The Assessor of Properties Office is responsible for identifying and valuing all taxable property within Jefferson County. The assessor’s office processes all recorded documents that transfer property, map any new property, and update ownership and address information. Other responsibilities include measuring new constructions, processing personal property forms, processing mobile home park forms, and maintaining greenbelt records. Reevaluations are required periodically by state law with the last one occurring in 2019 and the next one scheduled for 2024.
The State of Tennessee Comptroller of the Treasury has established an area for real estate assessment data online. Click below to be taken to that site.
The current Assessor of Property is Ms. Susan Gaddis Gass. Susan was elected in 2008 after several years as Chief Deputy with the Jefferson County Assessor’s Office. She obtained her Tennessee Certified Assessor designation in 1997. Her goal, along with the entire staff of the Property Assessor’s Office, is to maintain a friendly office with fair and accurate values.
A 5-Year Reappraisal Plan is underway in Jefferson County. Click below to view and download the full details.
Where can I find information about the assessed value of my property?
This information may be obtained by contacting our office, or you can view your property record online.
How are the county assessor's office and trustee's office related?
The county assessor is responsible for estimating the fair market value of your home or other property; the trustee’s office is responsible for billing and collection of the property taxes.
What kinds of property are taxable?
Under Tennessee State law, two types of property shall be assessed and taxed:
- Real property (real estate), which is land and improvements attached to the land (buildings, etc.) such as houses, mobile homes, and outbuildings.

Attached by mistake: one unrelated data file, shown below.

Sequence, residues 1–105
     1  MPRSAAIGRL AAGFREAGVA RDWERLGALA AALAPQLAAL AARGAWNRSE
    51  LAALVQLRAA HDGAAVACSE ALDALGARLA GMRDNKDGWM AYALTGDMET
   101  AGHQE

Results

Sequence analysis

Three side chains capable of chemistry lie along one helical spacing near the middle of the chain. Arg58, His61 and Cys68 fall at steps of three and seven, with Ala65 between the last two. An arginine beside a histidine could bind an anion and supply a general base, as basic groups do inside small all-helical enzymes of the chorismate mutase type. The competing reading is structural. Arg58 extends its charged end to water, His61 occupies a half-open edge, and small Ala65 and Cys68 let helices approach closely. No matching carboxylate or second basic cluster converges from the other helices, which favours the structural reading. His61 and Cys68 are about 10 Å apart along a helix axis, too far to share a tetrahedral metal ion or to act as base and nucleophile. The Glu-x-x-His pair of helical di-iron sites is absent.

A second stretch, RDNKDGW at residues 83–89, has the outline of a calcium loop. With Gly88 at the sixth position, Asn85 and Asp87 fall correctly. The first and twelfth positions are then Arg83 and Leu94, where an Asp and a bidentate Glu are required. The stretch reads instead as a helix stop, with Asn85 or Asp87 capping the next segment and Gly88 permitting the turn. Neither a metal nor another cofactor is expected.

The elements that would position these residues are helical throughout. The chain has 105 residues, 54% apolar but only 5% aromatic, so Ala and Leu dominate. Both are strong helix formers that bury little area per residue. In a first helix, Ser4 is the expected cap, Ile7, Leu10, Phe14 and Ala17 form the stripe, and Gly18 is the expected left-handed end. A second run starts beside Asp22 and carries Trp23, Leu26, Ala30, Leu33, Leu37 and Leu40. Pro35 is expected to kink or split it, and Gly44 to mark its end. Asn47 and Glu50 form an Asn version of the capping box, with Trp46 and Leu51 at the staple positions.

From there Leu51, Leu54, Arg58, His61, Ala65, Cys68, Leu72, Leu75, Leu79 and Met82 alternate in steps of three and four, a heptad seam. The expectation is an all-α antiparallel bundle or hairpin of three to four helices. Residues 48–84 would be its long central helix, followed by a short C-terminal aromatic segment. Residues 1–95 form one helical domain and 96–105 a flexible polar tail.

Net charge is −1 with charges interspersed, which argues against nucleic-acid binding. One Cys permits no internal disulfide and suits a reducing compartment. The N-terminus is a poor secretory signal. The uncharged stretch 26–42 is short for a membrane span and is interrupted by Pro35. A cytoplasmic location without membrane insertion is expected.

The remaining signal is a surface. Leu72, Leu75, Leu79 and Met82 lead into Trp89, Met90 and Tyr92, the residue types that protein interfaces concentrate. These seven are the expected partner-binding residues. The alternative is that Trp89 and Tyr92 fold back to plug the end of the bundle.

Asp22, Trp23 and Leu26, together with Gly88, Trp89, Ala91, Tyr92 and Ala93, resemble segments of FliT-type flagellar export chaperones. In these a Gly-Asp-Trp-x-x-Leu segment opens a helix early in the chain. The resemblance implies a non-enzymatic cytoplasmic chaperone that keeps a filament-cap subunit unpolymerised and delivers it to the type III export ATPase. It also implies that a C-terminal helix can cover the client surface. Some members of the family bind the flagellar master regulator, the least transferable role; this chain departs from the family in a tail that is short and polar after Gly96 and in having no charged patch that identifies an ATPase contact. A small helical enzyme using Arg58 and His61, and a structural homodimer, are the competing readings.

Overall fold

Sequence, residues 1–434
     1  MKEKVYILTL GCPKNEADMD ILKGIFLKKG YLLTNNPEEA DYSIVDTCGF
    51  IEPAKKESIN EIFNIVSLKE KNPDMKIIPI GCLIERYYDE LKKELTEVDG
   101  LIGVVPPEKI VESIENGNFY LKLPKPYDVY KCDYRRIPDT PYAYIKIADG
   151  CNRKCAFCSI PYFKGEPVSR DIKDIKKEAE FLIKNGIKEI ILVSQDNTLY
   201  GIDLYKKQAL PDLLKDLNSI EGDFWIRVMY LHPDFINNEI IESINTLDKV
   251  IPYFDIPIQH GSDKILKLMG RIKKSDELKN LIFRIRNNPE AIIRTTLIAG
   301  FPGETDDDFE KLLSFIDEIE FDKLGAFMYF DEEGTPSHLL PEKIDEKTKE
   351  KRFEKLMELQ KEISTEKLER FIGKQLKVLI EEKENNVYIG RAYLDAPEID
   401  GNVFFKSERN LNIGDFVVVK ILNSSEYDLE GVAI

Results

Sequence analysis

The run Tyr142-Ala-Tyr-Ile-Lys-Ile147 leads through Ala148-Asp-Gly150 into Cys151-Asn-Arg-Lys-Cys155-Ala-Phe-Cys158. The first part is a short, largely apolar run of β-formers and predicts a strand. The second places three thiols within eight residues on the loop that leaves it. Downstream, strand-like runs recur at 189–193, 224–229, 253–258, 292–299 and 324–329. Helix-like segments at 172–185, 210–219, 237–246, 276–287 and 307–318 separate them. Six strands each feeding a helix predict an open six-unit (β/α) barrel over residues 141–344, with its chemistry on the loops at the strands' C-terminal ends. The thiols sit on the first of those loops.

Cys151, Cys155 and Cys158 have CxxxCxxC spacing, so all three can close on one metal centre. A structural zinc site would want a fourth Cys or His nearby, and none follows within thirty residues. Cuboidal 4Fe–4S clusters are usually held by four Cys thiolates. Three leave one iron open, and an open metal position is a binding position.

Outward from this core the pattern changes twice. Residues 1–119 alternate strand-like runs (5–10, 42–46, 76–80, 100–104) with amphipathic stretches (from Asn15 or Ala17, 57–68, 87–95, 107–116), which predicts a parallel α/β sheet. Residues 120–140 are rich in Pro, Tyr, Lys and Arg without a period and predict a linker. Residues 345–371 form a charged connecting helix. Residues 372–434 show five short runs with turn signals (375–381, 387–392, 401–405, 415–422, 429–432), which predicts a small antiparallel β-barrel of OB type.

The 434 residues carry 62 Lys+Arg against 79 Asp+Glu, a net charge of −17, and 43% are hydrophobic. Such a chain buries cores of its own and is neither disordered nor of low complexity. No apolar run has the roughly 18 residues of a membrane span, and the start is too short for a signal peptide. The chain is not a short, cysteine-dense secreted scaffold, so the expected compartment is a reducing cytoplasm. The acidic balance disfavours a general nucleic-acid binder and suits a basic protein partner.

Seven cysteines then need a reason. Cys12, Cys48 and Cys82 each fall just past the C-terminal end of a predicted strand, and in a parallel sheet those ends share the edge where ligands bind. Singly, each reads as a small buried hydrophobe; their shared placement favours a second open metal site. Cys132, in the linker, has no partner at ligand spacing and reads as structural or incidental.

- Personal property is an asset used in the operation of a business or industry such as: machinery, equipment, signs, furniture, and fixtures. Privately owned vehicles, household goods, furniture, and personal effects are currently exempt from personal property tax.
How is the value of real property determined?
In the State of Tennessee, assessment for tax purposes means establishing the full market value of land and its improvements. Three approaches may be used to determine real property value. They are market, cost, and income approaches.
How is the value of personal property determined?
Self-reporting asset listing forms are mailed to the taxpayer in January. The business owner completes these forms by listing all equipment (owned or leased) being used to operate the business or industry. The age and cost of the equipment will be taken into consideration as means of establishing the appraised value. These forms should be returned to the assessor’s office by March 1.
How am I notified of my property's value?
An assessment change notice is mailed each time your property is revalued for tax purposes. It shows both the previous and the new values.
Is property valued at full market value?
In a reappraisal year, property is valued at full market value. Values do not change between the appraisal years unless there is a physical change made to a property. Reappraisals occur every 4-5 years.
What determines the amount of a property tax?
The assessed value per hundred multiplied by the property tax rate equals the annual property tax bill. The costs to operate our local government determine how much property tax the county will need.
What is the appeal process?
The taxpayer should contact our office to discuss the property’s value. If a taxpayer decides to appeal this value, appointments may be made through the assessor’s office. To appeal before the Local Board of Equalization, contact the assessor’s office. This board meets annually during the first week of June.